July 11, 2008

Editorial:

All Politics are local

Obama taking the Hispanic vote for granted?

For the Hispanic voter, when deciding to choose between Barack Obama and Hillary Clinton, a common refrain then was that we did not know Obama politically! We know he gives great speeches and has a rock star allure about him, but other than that little was known politically about him. Hillary Clinton on the other hand was know and for that reason carried the Hispanic vote.

The Hispanic vote is a crucial piece to the Presidential popular vote, without the Hispanic vote neither Obama nor McCain can win the Presidency. According to the latest polls Obama enjoys a 30-40% point leading with Hispanic voters over Senator McCain. Senator McCain does not need a majority of Hispanic votes, but to win he will need to attract close to 35% of the Latino vote. President Bush received almost 45% of this vote in 2004, in a race he barely won.

Reaching out to the Hispanic voter is crucial to both candidates and why both McCain and Obama have been making the rounds to Hispanic events such as the NAELO (National Association of Latino Elected and Appointed Officials) conference, the LULAC (League of United Latin American Citizens), and this weekend they both will be at the NCLR (National Council of La Raza) conference.

As we noted the issue with Obama is the community really doesn’t know him. His speeches are inspiring, but even those have shifted ever so slightly to appeal to the more moderate/conservative voter. This weekend we had hoped to sit down and talk with Obama to get to know him a little better, to put to rest the persistent issue that Hispanic voters do not know the man.

But herein lays the problem. Obama acknowledges that he does not want to take the Hispanic vote for granted, since he enjoys a comfortable lead with Hispanic voters and California is already being counted in the win column for him. Other than to come to California to give speeches and to raise funds, the Obama campaign has focused its resources and efforts in other states. So despite the proclamation that the Hispanic vote is not being taken for granted, that is exactly what has happened. The Obama campaign is taking the Hispanic vote for granted, offering little if nothing in return.

The Obama campaign is spending little money in California to register Hispanic voters, voters that will be here long after the General Election. While the Obama campaign speaks about immigration, driver’s licenses for the undocumented, and the DREAM Act all immigrant issues, hardly a word has been heard about the issues affecting native born and middle class Hispanic voters.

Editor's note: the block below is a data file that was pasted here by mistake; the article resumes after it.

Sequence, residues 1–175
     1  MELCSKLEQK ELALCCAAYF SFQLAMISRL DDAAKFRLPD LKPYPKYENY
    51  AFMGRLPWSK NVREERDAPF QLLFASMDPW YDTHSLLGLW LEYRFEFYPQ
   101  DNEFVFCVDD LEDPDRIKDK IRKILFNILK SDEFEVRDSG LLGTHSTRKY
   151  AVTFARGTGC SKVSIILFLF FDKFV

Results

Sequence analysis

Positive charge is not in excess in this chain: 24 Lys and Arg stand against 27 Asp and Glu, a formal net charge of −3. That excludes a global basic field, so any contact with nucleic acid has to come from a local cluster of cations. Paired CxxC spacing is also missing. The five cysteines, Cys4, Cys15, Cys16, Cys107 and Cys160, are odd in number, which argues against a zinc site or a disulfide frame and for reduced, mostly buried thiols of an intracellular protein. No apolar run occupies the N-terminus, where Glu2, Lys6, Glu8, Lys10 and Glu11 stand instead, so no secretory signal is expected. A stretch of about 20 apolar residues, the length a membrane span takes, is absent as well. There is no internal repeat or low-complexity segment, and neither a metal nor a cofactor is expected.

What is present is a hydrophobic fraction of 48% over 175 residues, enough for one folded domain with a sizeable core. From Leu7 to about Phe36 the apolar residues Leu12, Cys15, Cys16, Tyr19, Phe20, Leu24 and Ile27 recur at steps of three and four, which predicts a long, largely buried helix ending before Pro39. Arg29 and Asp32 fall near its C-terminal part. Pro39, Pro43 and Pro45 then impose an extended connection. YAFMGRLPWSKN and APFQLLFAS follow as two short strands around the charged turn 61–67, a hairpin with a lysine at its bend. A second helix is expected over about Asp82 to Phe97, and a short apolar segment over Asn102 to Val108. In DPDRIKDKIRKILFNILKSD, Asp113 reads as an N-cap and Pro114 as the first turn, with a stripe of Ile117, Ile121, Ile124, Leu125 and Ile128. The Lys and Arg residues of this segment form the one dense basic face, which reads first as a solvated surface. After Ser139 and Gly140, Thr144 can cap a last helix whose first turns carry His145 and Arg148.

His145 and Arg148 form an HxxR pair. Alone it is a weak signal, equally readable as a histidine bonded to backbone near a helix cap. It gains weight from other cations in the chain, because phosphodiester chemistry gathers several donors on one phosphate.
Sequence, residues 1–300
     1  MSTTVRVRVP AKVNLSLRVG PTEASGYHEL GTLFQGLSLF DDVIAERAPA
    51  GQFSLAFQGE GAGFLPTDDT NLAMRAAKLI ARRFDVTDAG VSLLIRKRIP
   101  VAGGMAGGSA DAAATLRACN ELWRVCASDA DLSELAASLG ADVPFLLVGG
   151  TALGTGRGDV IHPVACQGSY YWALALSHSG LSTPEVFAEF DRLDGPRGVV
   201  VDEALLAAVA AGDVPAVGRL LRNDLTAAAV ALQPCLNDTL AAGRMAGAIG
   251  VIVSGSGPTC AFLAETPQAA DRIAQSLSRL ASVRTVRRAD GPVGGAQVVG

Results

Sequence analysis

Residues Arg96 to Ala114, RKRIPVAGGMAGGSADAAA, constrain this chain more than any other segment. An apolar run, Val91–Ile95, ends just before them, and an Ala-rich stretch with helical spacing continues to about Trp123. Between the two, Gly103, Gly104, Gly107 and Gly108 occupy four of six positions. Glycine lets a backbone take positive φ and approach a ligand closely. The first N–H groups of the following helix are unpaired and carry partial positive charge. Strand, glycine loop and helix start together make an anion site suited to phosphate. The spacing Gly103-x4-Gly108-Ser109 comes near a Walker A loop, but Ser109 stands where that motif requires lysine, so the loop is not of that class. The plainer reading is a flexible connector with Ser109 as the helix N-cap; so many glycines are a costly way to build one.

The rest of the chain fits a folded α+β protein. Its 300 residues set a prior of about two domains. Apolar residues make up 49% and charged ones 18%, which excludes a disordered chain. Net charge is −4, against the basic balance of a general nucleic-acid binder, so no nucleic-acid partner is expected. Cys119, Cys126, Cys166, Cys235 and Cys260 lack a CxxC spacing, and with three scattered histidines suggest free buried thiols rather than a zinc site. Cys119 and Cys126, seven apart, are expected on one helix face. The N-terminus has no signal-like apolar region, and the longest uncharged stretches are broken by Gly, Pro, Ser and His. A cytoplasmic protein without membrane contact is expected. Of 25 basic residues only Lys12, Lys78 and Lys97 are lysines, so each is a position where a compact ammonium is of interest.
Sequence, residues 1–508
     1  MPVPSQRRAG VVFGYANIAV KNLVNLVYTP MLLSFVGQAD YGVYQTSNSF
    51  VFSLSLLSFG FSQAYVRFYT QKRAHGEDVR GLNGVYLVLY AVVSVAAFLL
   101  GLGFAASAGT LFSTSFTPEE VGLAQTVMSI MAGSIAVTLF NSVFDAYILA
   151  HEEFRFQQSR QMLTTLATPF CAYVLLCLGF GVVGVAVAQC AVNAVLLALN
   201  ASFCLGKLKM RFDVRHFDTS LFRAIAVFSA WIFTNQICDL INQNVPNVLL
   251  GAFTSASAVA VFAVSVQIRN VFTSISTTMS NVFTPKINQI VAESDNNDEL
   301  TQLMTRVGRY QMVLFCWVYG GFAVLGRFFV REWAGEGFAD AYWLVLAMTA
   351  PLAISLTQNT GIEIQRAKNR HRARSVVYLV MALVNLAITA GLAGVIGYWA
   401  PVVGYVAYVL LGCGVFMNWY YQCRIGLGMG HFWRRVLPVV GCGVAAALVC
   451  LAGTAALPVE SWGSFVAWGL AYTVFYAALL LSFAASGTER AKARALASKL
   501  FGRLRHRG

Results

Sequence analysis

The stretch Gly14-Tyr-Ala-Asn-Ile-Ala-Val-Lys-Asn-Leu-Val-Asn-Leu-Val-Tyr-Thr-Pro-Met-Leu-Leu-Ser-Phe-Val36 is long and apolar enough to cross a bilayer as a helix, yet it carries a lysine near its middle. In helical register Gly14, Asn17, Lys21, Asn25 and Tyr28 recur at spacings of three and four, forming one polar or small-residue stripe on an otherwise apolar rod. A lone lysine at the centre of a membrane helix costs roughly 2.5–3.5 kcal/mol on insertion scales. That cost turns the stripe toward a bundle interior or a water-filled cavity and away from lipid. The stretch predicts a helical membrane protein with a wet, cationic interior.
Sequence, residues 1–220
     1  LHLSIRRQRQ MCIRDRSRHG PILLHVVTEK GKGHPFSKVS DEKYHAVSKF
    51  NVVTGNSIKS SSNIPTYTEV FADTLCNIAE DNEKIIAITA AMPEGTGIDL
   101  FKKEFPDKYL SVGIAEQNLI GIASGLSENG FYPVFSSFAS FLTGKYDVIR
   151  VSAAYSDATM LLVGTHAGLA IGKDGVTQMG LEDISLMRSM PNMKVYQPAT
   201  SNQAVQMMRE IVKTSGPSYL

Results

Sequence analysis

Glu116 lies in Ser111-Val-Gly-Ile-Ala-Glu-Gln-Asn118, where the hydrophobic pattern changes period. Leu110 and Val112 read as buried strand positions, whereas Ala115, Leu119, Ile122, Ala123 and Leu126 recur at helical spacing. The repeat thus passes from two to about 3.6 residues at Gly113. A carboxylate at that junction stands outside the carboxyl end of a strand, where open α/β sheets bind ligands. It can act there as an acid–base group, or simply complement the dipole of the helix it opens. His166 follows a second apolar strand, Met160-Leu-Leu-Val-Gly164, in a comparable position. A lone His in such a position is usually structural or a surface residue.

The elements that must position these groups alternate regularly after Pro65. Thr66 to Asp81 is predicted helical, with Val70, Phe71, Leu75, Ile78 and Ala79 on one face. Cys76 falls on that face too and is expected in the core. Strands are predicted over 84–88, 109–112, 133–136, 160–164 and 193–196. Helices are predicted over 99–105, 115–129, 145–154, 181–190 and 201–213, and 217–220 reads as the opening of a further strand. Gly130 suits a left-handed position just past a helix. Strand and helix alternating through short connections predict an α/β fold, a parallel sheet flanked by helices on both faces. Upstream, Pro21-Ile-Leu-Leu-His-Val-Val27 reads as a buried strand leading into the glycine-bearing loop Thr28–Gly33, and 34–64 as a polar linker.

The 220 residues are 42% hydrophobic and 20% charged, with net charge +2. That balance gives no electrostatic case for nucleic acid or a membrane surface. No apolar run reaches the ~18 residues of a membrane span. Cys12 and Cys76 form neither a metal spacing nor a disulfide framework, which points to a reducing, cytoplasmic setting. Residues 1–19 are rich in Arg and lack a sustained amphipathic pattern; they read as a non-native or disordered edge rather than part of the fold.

Even on immigration Obama’s position is a little fuzzy. He talks about securing the border; the question is what his definition of a secure border is? And if we are talking about securing the border, what then of the Canadian border since it is documented that the 9/11 terrorist slipped across that border? We would like to ask him why he supported building a 700 mile fence along the border.

Another question Obama has not addressed is what programs does he propose to incorporate the Hispanic community into the power structure, the economic structure? What about education? To date all that the Hispanic community has gotten are sound bites. We were hoping to get a feel for the man, but it appears that is not going to happen!

La Prensa San Diego understands that it is not a daily newspaper with the scope of a La Opinion, but knowing even though it was a long shot at best, in hopes that an opportunity to sit down with Presidential candidate Obama would present itself. While a daunting task, we anticipated finding the right person to talk with. We tried to find out who the Hispanic point man for Obama in California was. It was only after several days did we learn who he was and that he was no longer in California but in one those other more important state working the Hispanic vote. We sent him an email to no avail. Our efforts led to another person who finally gave us an email for the media person in San Diego, we sent him an email that to date has not been responded to in any for or fashion.

Senator McCain, on the other hand, will also be in San Diego. Fortunately, contacting his campaign was a different story. Within an hour we got the name and phone number of his local contact. We contacted that person, left a message and in less than an hour our message was answered. That person worked to provide information and contacts. While we do not know if there will be a one-on-one interview with Senator McCain at least his campaign was responsive to our request. This alone says a lot about the McCain campaign and the Obama campaign. All politics is local!

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